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Laboratory studies on the predatory potential of dragon-fly nymphs on mosquito larvae

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Biocontrol potential of dragonfly nymph, Brachythemis contaminata Fabricius against the larvae of Anopheles stephensi, Culex. quinquefasciatus and Aedes aegypti was studied under laboratory conditions. It was found that dragonfly nymph had highest predation efficacy against An. stephensi followed by Cx. quinquefasciatus and Ae. aegypti. Feeding rate increased with decrease in prey size/stage. Analysis of data indicated that dragonfly nymphs have good predatory potential and can be used as a biological control agent for control of mosquito breeding.
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1.
Commull. Dis. 35 (2) 2003:96
Laboratory
Studies on the
Predatory
Potential
of
Dragon-Fly
Nymphs on Mosquito
Larvae
R.K. Singh, *
R.C.
Dhiman*
and
s.F.
Singh*
(Received for publication:Jan 2003)
ABSTRACT
Biocontrol
potential
of
dragonfly
nymph,
Bracllythemis contaminata
Fabricius
against
the
larvae
of
Anopheles
stephensi,
Culex.
quinquefasciatus
and
Aedes aegypti
was
studied
under
laboratory
conditions.
It
was
found
that
dragonfly
nymph
had
highest
predation
efficacy
against
An. stephensi followed
by
Cx.
quinquefasciatus
and
Ae. aegypti.
Feeding
rate
increased
with
decrease
in
prey
size/stage.
Analysis
of
data
indicated
that
dragonfly nymphs have good
predatory
potential
and
can
be
used as a biological
control
agent
for
control
of
mosquito breeding.
Key
Words:-
Bracllythemis contaminata, Anopheles stephensi, Culex
quinquefasciatus, Aedes aegypt;,
bio-control.
INTRODUCTION
Mosquito control in India relies basically
on
the spraying
of
residual insecticides
which has resulted in resistance in vector
mosquitoes, environmental pollution and
other
deleterious effects.
As
a result more
emphasis
is
laid
on
non-insecticidal
methods
of
control and one
of
the methods
receiving
emphasis
is
the
use
of
bio-
control agents.
1-2
Larvivorous fish, bacilli,
nematodes,
fungi,
bugs,
cyclops
have
been tested. Larvivorous fish and bacilli
have been successfully applied on aquatic
stages
of
mosquito in the field
3
-!2
in many
places.
It
is evident from the experiments
that, under the bioenvironmental control
methods
primary importance should be
given to anti-larval operations.
Dragont1y nymphs are
known
as
predators
13-14
(Fig.
I)
but previous workers
have paid little attention to these nymphs
as bio-control agents
of
mosquito larvae.
This paper reports the predatory potential
of
dragonfly
B.
contaminata
nymphs
studied in the laboratory conditions
to
find
out its suitability for biological control
of
mosquitoes.
MATERIAL AND
METHODS
The dragon-fly nymphs,
B.
contaminata
Fabricius
(Odonata
:
Anisoptera)
were
collected
with
the
help
of
dipper
and
strainer from pond
ofBurari
village.north-
east
of
Delhi, and released in
an
aquarium
with dimension
of
60x3Ox38
cm
and
water
was filled up to 10
cm
for maintaining
them
*Malaria Research Centre (ICMR),
11
Sbam Nath Marg, Delhi-1100S4.
97
I,a"or(llor),
Sf/alit's on
tht'
f'rt'dafory
Potentiat
ofl
)ragon-I'
fy
live. This water contained both protozoa
and planktonic algae, which are natural
source
of
food for dragon
tly
nymphs. After
collection
nymphs were identified
by
using key
of
Fraser and Kumar
l5
17
for the
species and measured. Since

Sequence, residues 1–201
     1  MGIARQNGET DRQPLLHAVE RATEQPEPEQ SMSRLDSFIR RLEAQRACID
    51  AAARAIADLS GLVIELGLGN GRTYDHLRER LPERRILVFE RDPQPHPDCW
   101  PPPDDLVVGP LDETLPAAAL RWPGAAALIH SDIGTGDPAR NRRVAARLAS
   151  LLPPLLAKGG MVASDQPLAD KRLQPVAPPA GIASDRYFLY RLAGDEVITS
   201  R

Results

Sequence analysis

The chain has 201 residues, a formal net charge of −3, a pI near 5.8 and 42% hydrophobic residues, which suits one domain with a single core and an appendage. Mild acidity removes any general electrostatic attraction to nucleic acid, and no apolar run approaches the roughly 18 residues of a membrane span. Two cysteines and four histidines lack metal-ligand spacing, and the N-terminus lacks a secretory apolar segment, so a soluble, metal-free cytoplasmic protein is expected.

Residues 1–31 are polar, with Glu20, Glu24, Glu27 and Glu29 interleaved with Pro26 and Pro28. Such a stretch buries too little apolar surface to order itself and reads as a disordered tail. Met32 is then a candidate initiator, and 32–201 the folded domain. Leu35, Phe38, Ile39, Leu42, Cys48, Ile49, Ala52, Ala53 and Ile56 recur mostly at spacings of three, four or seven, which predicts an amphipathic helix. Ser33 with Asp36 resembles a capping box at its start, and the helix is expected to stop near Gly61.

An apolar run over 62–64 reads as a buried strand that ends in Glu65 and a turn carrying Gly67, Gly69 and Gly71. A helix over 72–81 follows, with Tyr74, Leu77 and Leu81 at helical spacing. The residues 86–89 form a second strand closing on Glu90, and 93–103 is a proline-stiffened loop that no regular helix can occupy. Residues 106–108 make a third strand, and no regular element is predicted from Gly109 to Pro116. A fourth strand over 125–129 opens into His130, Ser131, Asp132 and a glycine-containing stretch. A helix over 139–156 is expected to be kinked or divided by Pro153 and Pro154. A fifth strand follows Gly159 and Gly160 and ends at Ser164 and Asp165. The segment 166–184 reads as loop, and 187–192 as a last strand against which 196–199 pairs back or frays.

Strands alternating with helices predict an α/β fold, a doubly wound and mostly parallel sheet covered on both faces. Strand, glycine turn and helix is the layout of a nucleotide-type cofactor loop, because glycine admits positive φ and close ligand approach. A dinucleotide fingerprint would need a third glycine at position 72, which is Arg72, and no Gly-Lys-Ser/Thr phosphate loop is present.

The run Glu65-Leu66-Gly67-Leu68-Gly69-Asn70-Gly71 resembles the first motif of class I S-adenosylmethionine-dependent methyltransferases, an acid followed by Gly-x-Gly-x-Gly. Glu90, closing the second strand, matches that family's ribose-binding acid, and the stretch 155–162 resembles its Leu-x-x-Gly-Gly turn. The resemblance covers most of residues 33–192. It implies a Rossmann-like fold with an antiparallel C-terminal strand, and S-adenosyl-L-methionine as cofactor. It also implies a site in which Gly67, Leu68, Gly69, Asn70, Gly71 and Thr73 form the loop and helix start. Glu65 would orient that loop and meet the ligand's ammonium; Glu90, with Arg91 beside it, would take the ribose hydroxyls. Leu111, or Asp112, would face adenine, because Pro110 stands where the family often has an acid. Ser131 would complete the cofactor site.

it
is
difficult
to
rear
dragonflies
under
laboratory
conditions, nymphs
of
different sizes were
brought from the field and maintained
in
the aquarium. Five stages
of
nymphs
of
different size were used
in
the experiments
during July
1996 to April 1998. All stages
of
mosquito larvae
of
An. stephensi,
Cx.
qUinquefasciatus, Ae. aegypti and pupae
were provided as a supplementary food.
The mosquito larvae
of
An. stephensi,
Cx.
quinquefasciatus and Ae. aegypti used
in
the
experiments,
were
obtained
from
insectories being maintained at the Malaria
Research
Centre.
For
determining
predatory potential
of
dragonfly nymphs,
a series
of
experiments were conducted
in
the laboratory. Plastic bowls
of
SOO
ml
capacity containing 300 ml
of
water with
larval food were used. Observations on
prey mortality were made every
24
hours,
by
counting
and
recording
of
live
mosquito larvae
present
in the plastic
bowls.
The
first set
of
experiment was
done to find out the predatory potential
of
each
nymphal
size
of
dragonfly
by
offering immature stages
of
An. stephens/,
ex.
quinquefasciatus andAe. Aegypti. One
hundred' mosquito larvae
of
a particular
instar
were
provided
to
each
size
of
dragonfly nymph in five replicates. Thus
each
size
of
dragonfly
nymphs
was
, studied with five replicates each separately
for predation against each mosquito stage
and
species.
During
the
experiments
predation
on
Anopheles
larvae
was
apparently found higher then Anopheles
and Culex. As
it
was observed that nymph
of
14
and
16
mm
size consumed more
than
100,
I and
II
instars larvae therefore,
these
experiments
were
repeated
by
offering these nymph
ISO
larvae instead
of
100
mosquito larvae
of
I and
II
instars.
Mean
of
five replicates have been shown
with SO and percentage
in
(Table-I).
The second set
of
experiment was
performed
to
study the comparative prey
preference by nymphs
of
B.
contaminala
on
different
immature
stages
of
mosquitoes,
when
An. stephens;,
ex.
quinquefasciatus and Ae. aegypti were
offered together. One nymph
of
each size
was offered twenty preys
of
each stage i.e.
first
in'll
. larvae to pupae
of
the three
mosquito species.
RESULTS AND DISCUSSION
It was observed that the dragonfly nymphs
captured mosquito larva" dnd engulf with
its mask which
is
thrown forward and
extended with incredible swiftness and the